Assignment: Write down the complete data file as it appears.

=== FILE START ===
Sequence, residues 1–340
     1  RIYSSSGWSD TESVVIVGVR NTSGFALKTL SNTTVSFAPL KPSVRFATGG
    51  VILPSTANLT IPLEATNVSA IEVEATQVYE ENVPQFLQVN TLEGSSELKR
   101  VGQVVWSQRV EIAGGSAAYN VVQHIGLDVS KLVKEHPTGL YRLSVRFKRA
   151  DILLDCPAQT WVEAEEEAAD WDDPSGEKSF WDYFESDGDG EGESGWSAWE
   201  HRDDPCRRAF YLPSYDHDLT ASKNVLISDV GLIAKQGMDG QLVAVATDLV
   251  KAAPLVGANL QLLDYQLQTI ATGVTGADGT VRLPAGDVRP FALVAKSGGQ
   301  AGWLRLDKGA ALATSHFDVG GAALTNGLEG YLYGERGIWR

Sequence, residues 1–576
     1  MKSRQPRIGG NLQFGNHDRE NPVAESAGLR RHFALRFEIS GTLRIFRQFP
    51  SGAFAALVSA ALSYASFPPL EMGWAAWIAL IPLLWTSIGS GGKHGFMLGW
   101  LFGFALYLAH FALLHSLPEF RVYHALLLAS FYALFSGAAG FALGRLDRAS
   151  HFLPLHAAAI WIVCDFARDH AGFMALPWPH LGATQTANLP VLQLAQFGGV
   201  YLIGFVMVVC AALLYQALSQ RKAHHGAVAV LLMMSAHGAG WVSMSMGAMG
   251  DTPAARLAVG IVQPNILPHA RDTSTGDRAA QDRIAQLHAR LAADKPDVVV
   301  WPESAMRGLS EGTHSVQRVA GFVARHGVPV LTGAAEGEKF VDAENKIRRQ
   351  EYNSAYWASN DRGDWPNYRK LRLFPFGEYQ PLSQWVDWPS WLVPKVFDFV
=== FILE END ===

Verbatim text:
Sequence, residues 1–340
     1  RIYSSSGWSD TESVVIVGVR NTSGFALKTL SNTTVSFAPL KPSVRFATGG
    51  VILPSTANLT IPLEATNVSA IEVEATQVYE ENVPQFLQVN TLEGSSELKR
   101  VGQVVWSQRV EIAGGSAAYN VVQHIGLDVS KLVKEHPTGL YRLSVRFKRA
   151  DILLDCPAQT WVEAEEEAAD WDDPSGEKSF WDYFESDGDG EGESGWSAWE
   201  HRDDPCRRAF YLPSYDHDLT ASKNVLISDV GLIAKQGMDG QLVAVATDLV
   251  KAAPLVGANL QLLDYQLQTI ATGVTGADGT VRLPAGDVRP FALVAKSGGQ
   301  AGWLRLDKGA ALATSHFDVG GAALTNGLEG YLYGERGIWR

Sequence, residues 1–576
     1  MKSRQPRIGG NLQFGNHDRE NPVAESAGLR RHFALRFEIS GTLRIFRQFP
    51  SGAFAALVSA ALSYASFPPL EMGWAAWIAL IPLLWTSIGS GGKHGFMLGW
   101  LFGFALYLAH FALLHSLPEF RVYHALLLAS FYALFSGAAG FALGRLDRAS
   151  HFLPLHAAAI WIVCDFARDH AGFMALPWPH LGATQTANLP VLQLAQFGGV
   201  YLIGFVMVVC AALLYQALSQ RKAHHGAVAV LLMMSAHGAG WVSMSMGAMG
   251  DTPAARLAVG IVQPNILPHA RDTSTGDRAA QDRIAQLHAR LAADKPDVVV
   301  WPESAMRGLS EGTHSVQRVA GFVARHGVPV LTGAAEGEKF VDAENKIRRQ
   351  EYNSAYWASN DRGDWPNYRK LRLFPFGEYQ PLSQWVDWPS WLVPKVFDFV